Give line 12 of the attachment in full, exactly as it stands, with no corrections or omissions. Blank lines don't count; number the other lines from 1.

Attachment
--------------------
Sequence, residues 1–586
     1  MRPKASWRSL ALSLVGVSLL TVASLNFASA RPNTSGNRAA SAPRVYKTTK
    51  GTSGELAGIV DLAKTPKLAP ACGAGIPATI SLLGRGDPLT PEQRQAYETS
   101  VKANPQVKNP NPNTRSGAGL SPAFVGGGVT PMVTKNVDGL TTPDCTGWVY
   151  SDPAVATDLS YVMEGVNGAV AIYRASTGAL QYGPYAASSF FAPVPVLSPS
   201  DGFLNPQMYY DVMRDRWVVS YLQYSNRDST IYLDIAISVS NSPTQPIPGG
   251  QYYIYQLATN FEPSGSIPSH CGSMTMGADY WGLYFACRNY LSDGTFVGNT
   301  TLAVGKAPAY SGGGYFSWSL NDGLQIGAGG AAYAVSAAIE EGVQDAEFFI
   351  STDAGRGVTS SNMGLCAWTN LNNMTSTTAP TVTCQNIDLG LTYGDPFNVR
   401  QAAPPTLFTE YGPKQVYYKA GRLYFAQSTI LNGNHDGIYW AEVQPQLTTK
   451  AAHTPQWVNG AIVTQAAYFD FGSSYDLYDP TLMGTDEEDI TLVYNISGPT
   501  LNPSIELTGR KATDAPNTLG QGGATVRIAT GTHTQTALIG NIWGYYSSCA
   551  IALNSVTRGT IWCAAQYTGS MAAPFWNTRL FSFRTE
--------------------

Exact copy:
   501  LNPSIELTGR KATDAPNTLG QGGATVRIAT GTHTQTALIG NIWGYYSSCA